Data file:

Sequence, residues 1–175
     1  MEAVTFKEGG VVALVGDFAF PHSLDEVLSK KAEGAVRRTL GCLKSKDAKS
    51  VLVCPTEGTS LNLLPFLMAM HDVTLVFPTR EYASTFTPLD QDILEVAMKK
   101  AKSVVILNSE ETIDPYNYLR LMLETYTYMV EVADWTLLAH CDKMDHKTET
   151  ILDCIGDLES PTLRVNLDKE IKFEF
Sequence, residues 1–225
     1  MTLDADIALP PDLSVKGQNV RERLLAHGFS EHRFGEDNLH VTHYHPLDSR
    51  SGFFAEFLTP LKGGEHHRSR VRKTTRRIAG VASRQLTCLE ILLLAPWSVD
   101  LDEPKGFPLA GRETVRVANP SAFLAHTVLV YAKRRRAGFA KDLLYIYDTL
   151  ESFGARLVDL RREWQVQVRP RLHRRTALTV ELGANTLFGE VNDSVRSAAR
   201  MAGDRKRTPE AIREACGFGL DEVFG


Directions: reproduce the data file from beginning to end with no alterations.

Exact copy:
Sequence, residues 1–175
     1  MEAVTFKEGG VVALVGDFAF PHSLDEVLSK KAEGAVRRTL GCLKSKDAKS
    51  VLVCPTEGTS LNLLPFLMAM HDVTLVFPTR EYASTFTPLD QDILEVAMKK
   101  AKSVVILNSE ETIDPYNYLR LMLETYTYMV EVADWTLLAH CDKMDHKTET
   151  ILDCIGDLES PTLRVNLDKE IKFEF
Sequence, residues 1–225
     1  MTLDADIALP PDLSVKGQNV RERLLAHGFS EHRFGEDNLH VTHYHPLDSR
    51  SGFFAEFLTP LKGGEHHRSR VRKTTRRIAG VASRQLTCLE ILLLAPWSVD
   101  LDEPKGFPLA GRETVRVANP SAFLAHTVLV YAKRRRAGFA KDLLYIYDTL
   151  ESFGARLVDL RREWQVQVRP RLHRRTALTV ELGANTLFGE VNDSVRSAAR
   201  MAGDRKRTPE AIREACGFGL DEVFG